04:02 pm New Delhi: Prime Minister Narendra Modi's dream of India rising to a $5 trillion economy by 2025 is unrealistic though it will happen at some time, says Montek Singh Ahluwalia, a former Deputy Chairman of the Planning Commission and whose document prepared in 1990 largely influenced the economic reforms unveiled the next year, in his book "Backstage - The Story Behind India's High Growth Years". He is also extremely harsh on "two major policy mistakes" of the present government -- demonetisation and the hasty implementation of GST. To become a $5 trillion economy "calls for an average growth rate of about 9 per cent in real terms over the six-year period from 2019-20 to 2024-25. With growth below 5 per cent in 2019-20, and only a slow recovery expected next year, achieving an average of 9 per cent for the period as a whole is simply not credible. We will certainly get to $5 trillion, but it will be a few years later," Ahluwalia writes in the book, which has been published by Rupa. "A more realistic target would be to try to reach a growth rate of around 8 per cent per year as quickly as possible. This is certainly necessary if we want to continue to reduce poverty and generate the employment needed to satisfy our young and aspirational labour force. Is 8 per cent growth feasible? India did achieve GDP growth of 8.5 per cent in the first seven years of the UPA, but a return to that growth rate is easier said than done," Ahluwalia warns. India's growth was at 6.8 per cent in 2018-19 and dropped to 5 per cent in 2019-20. It is expected to "strongly rebound" to 6-6.5 per cent in 2020-21 the Economic Survey tabled in Parliament on January 31 said. Demonetisation, Ahluwalia writes, "came as a complete surprise when the government on 8 November 2016 announced that all currency notes of denominations Rs 1,000 and Rs 500, accounting for 86 per cent of the value of currency with the public, were no longer legal tender. Holders of these notes were given up to 31 December to take the notes to banks to convert them into new notes. The decision was originally presented as a decisive attack on black money and corruption, but as that particular justification seemed difficult to sustain, several other justifications were advanced." "Raghuram Rajan, who was then governor of the RBI, was consulted informally about a possible demonetization and he had advised that any long-term benefits would not be worth the short-term costs. In any case, he counselled that if the government was determined to demonetise, there should be careful planning to ensure adequate supply of new notes. In fact, demonetisation was hastily announced a couple of months after Raghu's term as governor came to an end." Rajan's fears were "amply vindicated. People rushed to banks to exchange their holdings of old notes for new notes, but as there was a shortage of new notes, amounts handed over to banks could only be credited to their bank accounts, from which cash withdrawals were permitted on a restricted basis until the supply of new notes could catch up with demand. The shortage of cash disrupted agricultural markets and operations in the informal sector, both of which are highly cash-dependent", Ahluwalia writes. Eight months later, "the economy received a second jolt when the GST was introduced in July 2017. Unlike demonetization, which had very little support from professional economists, the GST was universally regarded as a major reform of the indirect tax system. It was expected to generate larger revenues, and also simplify the system but it failed on both counts because of a flawed design and poor implementation." Also, "frequent changes in the rates added to the confusion, giving the signal that rates could be adjusted through lobbying, which goes completely contrary to the signal of stability that GST should normally convey", Ahluwalia maintains. He also cautions against "strong centralised governments", a scenario that is now unfolding in India. "Strong centralised governments have some advantages but they also have a major disadvantage: the failure to provide room for different views. This reduces the likelihood that policy mistakes will be acknowledged and corrected. "Manmohan Singh recognised the importance of encouraging free expression of views and descent in a liberal democracy. We are now about to go through a different experience with a government enjoying a strong majority and also one which was expected to rely on much greater centralisation of power in the PMO," Ahluwalia maintains. Ahluwalia concludes that India's "transition to high growth was not a chance development. It was achieved by deliberate policy steps taken by those who had conviction and belief in the need for change. Changing policies in a country as complex as India has to go much beyond making declarations of intent. It needs an open society where businessmen and other stakeholders are free to criticize the government and draw attention to whatever is not working. It needs a team of technically skilled professionals with the ability to understand economic issues offering honest advice to the political class. It also needs a political class that can combine the unavoidable compulsions of adversarial politics with working towards building consensus on the broad direction of economic policy". "Good economics may not seem to be good politics in the short run, but wise political leaders will realise that it is almost always the best politics in the long run. How to marry the two is, in some sense, the real test of political leadership. I remain an unrelenting optimist that our political system can resolve this conflict and that the India story of high growth and development will therefore continue. India can and must return to its high growth years-our younger generation deserves nothing less."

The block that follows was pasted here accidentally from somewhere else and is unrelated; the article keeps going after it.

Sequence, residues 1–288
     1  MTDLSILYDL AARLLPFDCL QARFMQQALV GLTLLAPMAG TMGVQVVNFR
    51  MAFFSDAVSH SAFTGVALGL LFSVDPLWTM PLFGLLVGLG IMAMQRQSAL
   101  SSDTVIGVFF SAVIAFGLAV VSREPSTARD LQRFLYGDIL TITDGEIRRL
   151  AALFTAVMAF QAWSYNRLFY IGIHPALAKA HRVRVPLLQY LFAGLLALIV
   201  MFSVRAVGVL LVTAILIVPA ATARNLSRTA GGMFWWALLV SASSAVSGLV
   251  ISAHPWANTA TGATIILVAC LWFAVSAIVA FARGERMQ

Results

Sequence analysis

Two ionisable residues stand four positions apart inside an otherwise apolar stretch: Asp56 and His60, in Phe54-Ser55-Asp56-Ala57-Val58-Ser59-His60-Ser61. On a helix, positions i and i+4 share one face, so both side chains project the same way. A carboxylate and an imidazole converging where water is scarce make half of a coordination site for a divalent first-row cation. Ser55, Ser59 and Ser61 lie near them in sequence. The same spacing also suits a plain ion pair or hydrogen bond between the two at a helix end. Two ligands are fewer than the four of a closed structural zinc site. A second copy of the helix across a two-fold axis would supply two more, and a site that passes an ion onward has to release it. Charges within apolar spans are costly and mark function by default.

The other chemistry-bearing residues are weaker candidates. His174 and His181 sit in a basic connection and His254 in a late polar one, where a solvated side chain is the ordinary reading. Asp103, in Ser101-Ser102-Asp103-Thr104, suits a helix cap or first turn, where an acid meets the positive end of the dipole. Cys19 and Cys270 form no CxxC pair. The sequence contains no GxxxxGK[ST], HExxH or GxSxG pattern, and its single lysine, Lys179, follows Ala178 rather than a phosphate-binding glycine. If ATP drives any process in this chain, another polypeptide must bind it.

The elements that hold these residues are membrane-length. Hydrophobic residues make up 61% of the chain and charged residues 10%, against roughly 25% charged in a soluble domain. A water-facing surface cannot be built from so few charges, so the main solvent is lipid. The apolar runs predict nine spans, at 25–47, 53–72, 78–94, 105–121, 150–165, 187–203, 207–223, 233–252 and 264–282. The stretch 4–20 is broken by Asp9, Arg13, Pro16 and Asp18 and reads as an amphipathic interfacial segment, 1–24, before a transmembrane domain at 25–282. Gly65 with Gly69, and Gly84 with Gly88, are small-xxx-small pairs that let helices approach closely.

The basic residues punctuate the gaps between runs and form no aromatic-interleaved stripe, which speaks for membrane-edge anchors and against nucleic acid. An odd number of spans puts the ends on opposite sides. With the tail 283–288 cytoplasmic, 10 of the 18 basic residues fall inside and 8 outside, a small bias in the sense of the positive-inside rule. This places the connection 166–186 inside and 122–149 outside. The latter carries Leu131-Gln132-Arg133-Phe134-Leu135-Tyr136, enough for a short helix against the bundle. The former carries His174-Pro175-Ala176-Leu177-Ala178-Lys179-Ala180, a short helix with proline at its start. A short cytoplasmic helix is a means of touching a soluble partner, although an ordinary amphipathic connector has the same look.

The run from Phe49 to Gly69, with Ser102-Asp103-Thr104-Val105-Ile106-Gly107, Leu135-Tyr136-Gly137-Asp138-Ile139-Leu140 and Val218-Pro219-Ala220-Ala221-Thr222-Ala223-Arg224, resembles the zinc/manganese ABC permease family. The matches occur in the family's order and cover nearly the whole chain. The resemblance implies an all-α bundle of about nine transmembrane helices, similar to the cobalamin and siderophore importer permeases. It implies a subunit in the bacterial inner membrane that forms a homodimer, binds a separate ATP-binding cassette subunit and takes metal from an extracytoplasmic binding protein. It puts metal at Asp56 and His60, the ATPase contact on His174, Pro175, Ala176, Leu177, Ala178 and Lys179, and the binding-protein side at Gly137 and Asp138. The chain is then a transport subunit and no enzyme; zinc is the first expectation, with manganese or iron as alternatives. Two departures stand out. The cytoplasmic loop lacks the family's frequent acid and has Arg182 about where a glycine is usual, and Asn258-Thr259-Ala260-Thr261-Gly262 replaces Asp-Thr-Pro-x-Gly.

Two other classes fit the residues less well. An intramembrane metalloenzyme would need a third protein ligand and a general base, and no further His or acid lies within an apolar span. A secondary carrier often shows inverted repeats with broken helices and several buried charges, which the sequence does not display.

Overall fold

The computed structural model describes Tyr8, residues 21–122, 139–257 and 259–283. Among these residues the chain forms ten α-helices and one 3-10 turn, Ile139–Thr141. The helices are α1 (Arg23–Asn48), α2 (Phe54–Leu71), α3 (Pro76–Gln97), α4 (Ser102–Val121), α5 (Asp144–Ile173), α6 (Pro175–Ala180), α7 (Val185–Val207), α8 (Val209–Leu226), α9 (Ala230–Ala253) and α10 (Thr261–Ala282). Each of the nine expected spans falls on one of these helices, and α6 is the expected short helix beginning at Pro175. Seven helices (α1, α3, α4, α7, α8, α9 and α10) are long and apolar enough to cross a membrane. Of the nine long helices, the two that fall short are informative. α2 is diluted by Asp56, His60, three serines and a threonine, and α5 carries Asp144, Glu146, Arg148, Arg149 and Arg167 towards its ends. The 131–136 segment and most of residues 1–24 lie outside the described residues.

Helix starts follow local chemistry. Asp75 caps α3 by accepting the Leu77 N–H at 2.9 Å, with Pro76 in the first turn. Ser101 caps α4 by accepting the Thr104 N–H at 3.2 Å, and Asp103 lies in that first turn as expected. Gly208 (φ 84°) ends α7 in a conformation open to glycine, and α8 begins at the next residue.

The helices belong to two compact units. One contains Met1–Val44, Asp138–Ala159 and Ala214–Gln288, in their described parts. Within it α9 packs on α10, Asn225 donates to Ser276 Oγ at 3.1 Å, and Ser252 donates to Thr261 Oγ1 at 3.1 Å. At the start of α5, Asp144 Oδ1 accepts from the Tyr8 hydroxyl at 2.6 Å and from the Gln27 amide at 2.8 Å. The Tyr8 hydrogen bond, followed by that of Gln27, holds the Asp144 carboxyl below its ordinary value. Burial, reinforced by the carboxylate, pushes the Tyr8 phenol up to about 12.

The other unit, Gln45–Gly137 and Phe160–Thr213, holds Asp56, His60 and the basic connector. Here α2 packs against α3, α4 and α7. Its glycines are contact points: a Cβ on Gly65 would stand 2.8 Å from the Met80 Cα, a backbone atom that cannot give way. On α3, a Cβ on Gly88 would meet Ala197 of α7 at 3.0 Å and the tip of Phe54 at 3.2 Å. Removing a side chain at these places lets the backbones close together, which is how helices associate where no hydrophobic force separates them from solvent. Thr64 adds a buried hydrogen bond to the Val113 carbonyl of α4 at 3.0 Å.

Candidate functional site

12:02 pm New Delhi: Mahatma Gandhi wanted India's unity at any price and fought for unity every moment of his public life. Also Gandhi was against dividing India on religious lines saya former President Pranab Mukherjee launching journalist M.J. Akbar's new book "Gandhi's Hinduism - The Struggle Against Jinnah's Islam" "Gandhiji's whole life was dedicated to Hindu-Muslim unity... Gandhiji is not just the father of our nation, he was also the maker of our nation... he was the moral vector to guide our action by the measure by which we are judged," Mukherjee said. Veteran journalist M.J. Akbar's new book "Gandhi's Hinduism - The Struggle Against Jinnah's Islam" is a chrinicle upon leading facts discussing endgame of India Pakistan partician and fomation of Pakistan. Noting that "communal unity and harmony is the bedrock of India's strength and the key to its glorious future", Mukherjee said Gandhi believed in the "intrinsic power of Hinduism" of assimilation, evaluation and adaptation, "as it was inclusive and offered space for the presence of people from every faith". To this end, the book "strongly emphasizes" the fact that "Gandhiji fought for the unity of India for every moment of his public life", rejecting "the conventional explanation that partition would be a solution to the communal problem (created by the British)", noting at a prayer meeting a month before Partition that this would lead to a conflict between India and Pakistan, Mukherjee said. "It will go to the credit of Mahatma Gandhi that he not only saw through the designs of the British in first creating and then fostering the communal divide in India when they saw that the continuation of their rule was not viable and then did everything for their future strategic and geopolitical interests "with the Muslim League under Mr Jinnah", Mukherjee said.